Elbow strikes are a gigantic piece of a Nak Muay's stockpile, particularly in the secure and short proximity battle. In such cases of infighting, the elbows are decimating and can deliver a great deal of harm. You can utilize it to startle your opponent or cut up your adversary's face, or even better, score an exciting knockout.


Elbows in Muay Thai



The only other combat form that uses this body part as a weapon is Kickboxing. In Muay Thai, the knees are one of the essential weapons amongst the 8 limbs of Muay Thai. Both these fighting games are deadly but also fun to watch. One might find it amusing that the knee is capable of doing some severe damage and can even score you a knock-out victory.

In Western boxing, the fighters have the permission to duck and have a lower stance to defend themselves. However, in Muay Thai, the fighters cannot do the same as per the rules. The practitioners are wary of ducking, so knee strikes come in handy to a skilled fighter.

Fighters use multiple knee strikes at a time when they need to get free from a locked position. Fighters consider it the most effective way to gain time and a certain distance from the opponent. Therefore, Muay Thai warriors use knee strikes quite often.

There are a few different ways of knee strikes, just like fighters have alternative punching techniques. Some of the most used knee strikes are the straight knee, the curved knee, the diagonal knee, and the flying knee strike.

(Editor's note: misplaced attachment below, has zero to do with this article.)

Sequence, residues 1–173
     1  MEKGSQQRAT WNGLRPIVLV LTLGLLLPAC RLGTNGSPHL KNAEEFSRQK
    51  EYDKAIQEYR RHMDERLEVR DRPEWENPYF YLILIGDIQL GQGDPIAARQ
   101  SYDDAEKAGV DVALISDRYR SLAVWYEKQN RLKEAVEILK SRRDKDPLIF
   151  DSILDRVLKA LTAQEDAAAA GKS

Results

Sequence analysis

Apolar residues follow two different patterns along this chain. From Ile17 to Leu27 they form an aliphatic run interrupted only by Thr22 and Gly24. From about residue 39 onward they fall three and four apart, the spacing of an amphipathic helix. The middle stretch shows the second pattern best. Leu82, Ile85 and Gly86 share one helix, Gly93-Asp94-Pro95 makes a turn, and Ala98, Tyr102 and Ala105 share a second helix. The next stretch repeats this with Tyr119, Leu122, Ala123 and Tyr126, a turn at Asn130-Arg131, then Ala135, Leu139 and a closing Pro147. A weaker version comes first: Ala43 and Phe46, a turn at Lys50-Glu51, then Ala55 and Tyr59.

The straight knee is the most practiced one, and trainees learn this technique first. Fighters can use this strike from close range and mid-range.


Knees in Muay Thai



The use of elbows and knees in the fight makes Muay Thai different from other combats, but kicks earn the most knock-outs. Fighters use their shins and feet with a lot of power; that is why kicks are most damaging. One of the top regarded kicks is the roundhouse kick.

This kick may cause the most damage, but if not performed correctly, it can cause damage to the attacker as well. An appropriately executed roundhouse kick can be wrecking. What's more? Since it is coming from the side, it's one of the more troublesome kicks for the adversary to catch and toss.

The disadvantage hazard is an injury to the lower leg or knee of the assailant whenever performed inappropriately. There can be an injury to the kicker's striking lower leg. Fighters use their body weight and throw it back to maximize the power of the kick. Only a seasoned practitioner can genuinely master this move.

Kicks in Muay Thai have broken bones, including ribs and arms. Kicks have landed some jaw-dropping knockouts in the history of Muay Thai. Additionally, there is the teep that uses the foot’s ball for the strike.


Kicks in Muay Thai



Muay Thai, also known as Thai boxing, is a martial art that revolves around eight body parts. Fighters use these limbs to use force and beat their opponent. The art follows specific rules, so the moves are the same, but fighters develop flow in the transition phase between one action and the other.